On Conscience: A Voting Guide from “A Man for All Seasons”

Near the end of the classic movie and screenplay about St. Thomas More, “A Man for All Seasons,” More finds himself imprisoned for not signing King Henry VIII’s Act of Succession.  More will not reveal to anyone why he does not sign it, but only refers again and again to “matters of conscience.”  I have always found this movie powerful, but I was reminded of this particular scene as I reflected on the different choices many are making today, and the deep Christian belief in the human conscience.


The scene opens with a tired Thomas, after months of imprisonment in the Tower, standing in front of a small tribunal made up of Lord Chancellor Thomas Cromwell, the Duke of Norfolk (Thomas’ friend), and a Bishop.

Duke: Sit down.

Cromwell: This is the Seventh Commission to inquire into the case of Sir Thomas More, appointed by His Majesty’s Council. Have you anything to say?

More: No.

Cromwell: Seen this document before?

More: Many times.

Cromwell: It is the Act of Succession. These are the names of those who’ve sworn to it.

More: I have, as you say, seen it before.

Cromwell: Will you swear to it?

More: No.

Duke: Thomas, we must know– We must know plainly whether you recognise the offspring of Queen Anne… as heirs to the throne.

More: The King and Parliament tells me that they are. Of course I recognise them.

Duke: Will you swear that you do?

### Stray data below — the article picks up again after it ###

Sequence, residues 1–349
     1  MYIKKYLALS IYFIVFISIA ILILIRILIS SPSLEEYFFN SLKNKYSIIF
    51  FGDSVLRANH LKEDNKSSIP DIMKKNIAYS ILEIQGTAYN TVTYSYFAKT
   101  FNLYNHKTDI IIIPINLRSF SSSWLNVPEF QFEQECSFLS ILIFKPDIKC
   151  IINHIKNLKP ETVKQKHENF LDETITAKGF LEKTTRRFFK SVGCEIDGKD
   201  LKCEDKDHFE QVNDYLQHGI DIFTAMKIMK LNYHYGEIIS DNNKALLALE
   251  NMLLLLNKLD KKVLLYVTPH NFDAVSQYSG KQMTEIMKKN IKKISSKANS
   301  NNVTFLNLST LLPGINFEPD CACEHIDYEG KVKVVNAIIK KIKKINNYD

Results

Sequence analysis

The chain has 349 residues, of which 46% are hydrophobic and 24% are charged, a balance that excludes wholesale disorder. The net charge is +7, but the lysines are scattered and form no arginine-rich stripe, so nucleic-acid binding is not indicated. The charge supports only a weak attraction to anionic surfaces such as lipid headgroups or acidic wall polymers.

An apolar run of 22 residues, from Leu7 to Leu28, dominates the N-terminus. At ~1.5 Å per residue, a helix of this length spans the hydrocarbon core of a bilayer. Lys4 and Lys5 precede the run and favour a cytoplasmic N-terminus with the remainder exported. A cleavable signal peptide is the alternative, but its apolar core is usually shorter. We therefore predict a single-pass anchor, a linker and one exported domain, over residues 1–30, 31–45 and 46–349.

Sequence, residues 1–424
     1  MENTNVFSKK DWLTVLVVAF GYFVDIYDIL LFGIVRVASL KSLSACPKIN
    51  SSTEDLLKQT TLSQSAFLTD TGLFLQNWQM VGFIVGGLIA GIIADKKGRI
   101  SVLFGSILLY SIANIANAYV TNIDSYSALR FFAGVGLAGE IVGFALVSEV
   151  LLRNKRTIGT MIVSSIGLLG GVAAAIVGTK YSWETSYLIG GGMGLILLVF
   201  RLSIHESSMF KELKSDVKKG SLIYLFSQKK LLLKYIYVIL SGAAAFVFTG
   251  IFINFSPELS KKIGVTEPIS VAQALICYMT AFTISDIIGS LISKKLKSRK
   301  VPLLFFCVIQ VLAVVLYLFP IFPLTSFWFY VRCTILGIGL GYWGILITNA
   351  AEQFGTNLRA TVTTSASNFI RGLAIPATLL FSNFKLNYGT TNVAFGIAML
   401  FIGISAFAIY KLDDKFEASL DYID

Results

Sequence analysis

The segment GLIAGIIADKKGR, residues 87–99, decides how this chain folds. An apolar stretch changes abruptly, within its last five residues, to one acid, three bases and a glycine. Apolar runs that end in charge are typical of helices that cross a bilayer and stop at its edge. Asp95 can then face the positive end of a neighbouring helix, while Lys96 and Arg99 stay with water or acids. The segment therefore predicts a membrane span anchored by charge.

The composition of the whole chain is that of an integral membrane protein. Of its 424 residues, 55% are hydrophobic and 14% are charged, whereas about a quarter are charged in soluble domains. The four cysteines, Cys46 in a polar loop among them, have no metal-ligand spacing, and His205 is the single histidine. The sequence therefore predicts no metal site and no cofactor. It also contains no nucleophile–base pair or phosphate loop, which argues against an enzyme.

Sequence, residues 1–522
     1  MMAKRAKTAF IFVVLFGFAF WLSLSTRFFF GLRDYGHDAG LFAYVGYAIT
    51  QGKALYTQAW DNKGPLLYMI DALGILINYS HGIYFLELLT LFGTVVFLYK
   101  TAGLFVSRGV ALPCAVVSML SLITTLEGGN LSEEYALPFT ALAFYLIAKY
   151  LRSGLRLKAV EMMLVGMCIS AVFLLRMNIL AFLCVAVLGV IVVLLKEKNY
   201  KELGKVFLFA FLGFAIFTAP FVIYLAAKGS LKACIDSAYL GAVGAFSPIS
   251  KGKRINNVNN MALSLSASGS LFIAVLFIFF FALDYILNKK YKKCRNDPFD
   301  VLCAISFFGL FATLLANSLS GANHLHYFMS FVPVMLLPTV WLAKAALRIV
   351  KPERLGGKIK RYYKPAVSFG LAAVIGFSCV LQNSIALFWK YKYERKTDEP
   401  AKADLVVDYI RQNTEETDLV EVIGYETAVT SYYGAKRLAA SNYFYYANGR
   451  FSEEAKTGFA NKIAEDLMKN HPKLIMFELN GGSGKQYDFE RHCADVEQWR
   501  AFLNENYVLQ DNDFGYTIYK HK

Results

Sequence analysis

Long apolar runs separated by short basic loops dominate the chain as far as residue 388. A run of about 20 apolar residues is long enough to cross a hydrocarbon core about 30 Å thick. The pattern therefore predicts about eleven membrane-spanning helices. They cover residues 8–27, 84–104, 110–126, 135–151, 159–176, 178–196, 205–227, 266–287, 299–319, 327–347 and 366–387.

More: Yes.

Duke: Then why won’t he swear to the act?

Cromwell: Because there is more than that in the act.

Bishop: Just so. Sir Thomas, it states in the preamble that the King’s former marriage to the Lady Catherine was unlawful… she being his brother’s widow and the Pope having no authority to sanction it. Is that what you deny? Is that what you dispute? Is that what you are not sure of?

Duke: Thomas, ye insult His Majesty and Council in the person of the Lord Archbishop!

More: I insult no one. I will not take the oath. I will not tell you why I will not.

Duke: Then your reasons must be treasonable!

More: Not “must be,” may be.

Duke: It’s a fair assumption.

More: The law requires more than an assumption. The law requires a fact.

Bishop: Of course, I cannot judge your legal standing in the case… but until I know the ground of your objections… I can only guess your spiritual standing, too.

More: If you’re willing to guess that, it should be small matter to guess my objections.

Cromwell: Then you do have objections to the act!

Duke: Well, we know that, Cromwell!

More: No, my lord, you don’t. You may suppose I have objections, all you know is that I will not swear to it… for which you cannot lawfully harm me further. But if you were right in supposing me to have objections, and right again in supposing my objections to be treasonable… the law would let you cut my head off.

Duke: Oh, yes.

Cromwell: Well done, Sir Thomas. I’ve been trying to make that clear to His Grace for some time.

Duke: Oh, confound all this! I’m not a scholar. I don’t know if the marriage was lawful or not… but damn it, Thomas, look at these names. Why can’t you do as I did and come with us for fellowship?

More: And when we die, and you are sent to heaven for doing your conscience, and I am sent to hell for not doing mine, will you come with me, for fellowship?

Bishop: So, those of us whose names are there, are damned, Sir Thomas?

More: I have no window to look into another man’s conscience. I condemn no one.


Blessed voting, friends.

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